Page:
In a stinging blow to opponents of the state’s anti-gerrymandering amendments, a federal court this week has thrown out a lawsuit filed by two Florida Republican Party officials who claimed the new law violated the constitution because it had a “chilling effect” on their free speech and petition rights.
Tim Norris, the Walton County Republican Executive Committee Chairman, and Randy Maggard, the Pasco County Republican Executive Committee Chairman, sued Florida Secretary of State Ken Detzner in August, demanding that he not enforce the Fair Districts provisions of the state constitution.
They made the argument being echoed by many lawmakers that their speech is chilled because, as members of a political party, it will be used to invalidate a map. Hoping to find a venue that was most favorable to them, they filed the case in the Northern District of Florida in Pensacola.
But in a 16-page opinion, the chief judge of the district, Judge M. Casey Rodgers, who was appointed by George W. Bush, rejected their argument and dismissed the case.
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“The problem with Plaintiffs’ position is that they have not shown that their speech or conduct is prohibited or even ‘arguably forbidden’ by the Fair Districts Amendments on their face or as applied,” Rodgers wrote.
She concluded that the amendments added to the Florida Constitution in 2010 were directed at the Florida Legislature, “no one else,” and there has been no barrier to citizen political speech but added, “Plaintiffs have no First Amendment right to a partisan map.”
The ruling is the latest in a string of successes for the proponents of the Fair Districts amendments.
The court noted that the emails of the political operatives were sought as “a result of the Legislature’s failure to operate transparently in the redistricting process, as required by Florida’s strong public policy.” When lawmakers destroyed draft redistricting maps, emails and other records when drawing the congressional maps in 2012, that “left the challengers no means of determining legislative intent absent discovering the communications through a lawful legal process,” she wrote.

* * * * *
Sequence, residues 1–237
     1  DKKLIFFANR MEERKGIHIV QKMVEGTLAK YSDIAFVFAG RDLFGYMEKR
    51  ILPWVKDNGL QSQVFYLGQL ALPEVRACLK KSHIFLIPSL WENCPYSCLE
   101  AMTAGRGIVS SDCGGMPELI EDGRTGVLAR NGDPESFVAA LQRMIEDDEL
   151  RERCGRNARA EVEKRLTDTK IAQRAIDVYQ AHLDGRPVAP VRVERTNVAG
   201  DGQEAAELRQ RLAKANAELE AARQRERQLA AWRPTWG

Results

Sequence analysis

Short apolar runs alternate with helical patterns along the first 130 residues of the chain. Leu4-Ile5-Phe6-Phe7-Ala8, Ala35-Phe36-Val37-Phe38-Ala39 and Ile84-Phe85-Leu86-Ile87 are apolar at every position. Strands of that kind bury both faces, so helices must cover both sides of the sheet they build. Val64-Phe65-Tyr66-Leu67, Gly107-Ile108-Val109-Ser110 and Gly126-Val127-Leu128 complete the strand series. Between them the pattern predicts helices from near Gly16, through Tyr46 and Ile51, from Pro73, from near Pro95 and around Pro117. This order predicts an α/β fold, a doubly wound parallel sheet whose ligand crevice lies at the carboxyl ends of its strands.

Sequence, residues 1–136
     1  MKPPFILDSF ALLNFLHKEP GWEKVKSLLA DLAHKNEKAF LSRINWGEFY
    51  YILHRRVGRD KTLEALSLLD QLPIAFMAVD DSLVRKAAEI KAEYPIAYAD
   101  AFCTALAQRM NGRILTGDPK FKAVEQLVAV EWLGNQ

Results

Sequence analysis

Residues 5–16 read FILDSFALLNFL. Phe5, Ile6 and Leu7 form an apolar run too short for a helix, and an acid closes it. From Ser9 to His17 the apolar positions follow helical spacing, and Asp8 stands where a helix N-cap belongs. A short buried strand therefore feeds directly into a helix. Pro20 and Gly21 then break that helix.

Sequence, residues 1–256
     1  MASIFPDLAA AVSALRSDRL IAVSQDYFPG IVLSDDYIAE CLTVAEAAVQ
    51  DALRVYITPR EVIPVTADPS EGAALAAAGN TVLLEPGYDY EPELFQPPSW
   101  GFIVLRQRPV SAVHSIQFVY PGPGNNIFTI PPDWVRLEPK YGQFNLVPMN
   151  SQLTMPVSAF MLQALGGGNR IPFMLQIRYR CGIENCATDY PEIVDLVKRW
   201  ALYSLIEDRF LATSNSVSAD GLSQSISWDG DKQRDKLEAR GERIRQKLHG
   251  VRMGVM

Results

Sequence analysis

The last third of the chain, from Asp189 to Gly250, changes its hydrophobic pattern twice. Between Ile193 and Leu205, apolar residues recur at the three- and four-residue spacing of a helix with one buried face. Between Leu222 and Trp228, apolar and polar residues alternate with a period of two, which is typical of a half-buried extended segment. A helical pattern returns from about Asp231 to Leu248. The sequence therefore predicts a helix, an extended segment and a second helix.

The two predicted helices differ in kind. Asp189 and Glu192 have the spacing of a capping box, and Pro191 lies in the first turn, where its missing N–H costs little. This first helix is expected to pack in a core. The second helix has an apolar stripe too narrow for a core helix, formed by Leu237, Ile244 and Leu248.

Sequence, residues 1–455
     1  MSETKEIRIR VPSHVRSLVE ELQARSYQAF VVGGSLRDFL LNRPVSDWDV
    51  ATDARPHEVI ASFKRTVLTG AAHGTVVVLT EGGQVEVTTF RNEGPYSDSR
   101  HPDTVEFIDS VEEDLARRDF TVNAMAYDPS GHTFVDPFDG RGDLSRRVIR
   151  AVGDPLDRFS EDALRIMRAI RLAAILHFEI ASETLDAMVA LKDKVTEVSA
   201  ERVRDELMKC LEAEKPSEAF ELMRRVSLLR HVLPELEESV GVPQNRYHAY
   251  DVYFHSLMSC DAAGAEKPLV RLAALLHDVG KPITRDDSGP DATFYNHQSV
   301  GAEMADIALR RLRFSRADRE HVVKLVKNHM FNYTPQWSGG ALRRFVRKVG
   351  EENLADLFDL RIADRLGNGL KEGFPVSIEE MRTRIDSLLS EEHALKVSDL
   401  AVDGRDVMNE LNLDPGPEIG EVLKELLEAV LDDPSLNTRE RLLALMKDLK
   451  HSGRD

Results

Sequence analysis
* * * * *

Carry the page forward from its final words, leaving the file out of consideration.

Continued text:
She added in a footnote: “The trial court found that the circumstantial evidence as a whole led to an unmistakable conclusion that political consultants from one party had ‘managed to taint the redistricting process and the resulting map with improper partisan intent.’ Nonetheless, no political consultant was sued or punished.”
Rodgers concluded: “Because no citizen conduct is prohibited or threatened under the Amendments as interpreted, there is no objectively reasonable basis for self censorship, and Plaintiffs cannot demonstrate an injury for purposes of standing ... Only improper partisan intent by the Legislature is forbidden and will invalidate the maps, not the partisan speech of citizens.”
The case is one of two challenges pending before the federal court in the Northern District. A second case, brought by a group of Alachua-based Republicans who call themselves the “Conservative Coalition for Free Speech and Association,” is also a suit against Detzner in an attempt to invalidate the Fair Districts amendments. Several members of the group have fought the release of their private emails in pending redistricting lawsuits.
Florida legislators convene a three-week special session beginning Monday to redraw the state Senate map after a July ruling by the Florida Supreme Court determined that the process lawmakers used in 2012 was infiltrated by political operatives and rife with “improper partisan intent.”
After a circuit court judge recommended a replacement map for congressional districts last week, the Florida Supreme Court has scheduled oral arguments on that plan for Nov. 2.
Mary Ellen Klas can be reached at email@example.com and at 850-222-3095. Follow her on Twitter @MaryEllenKlas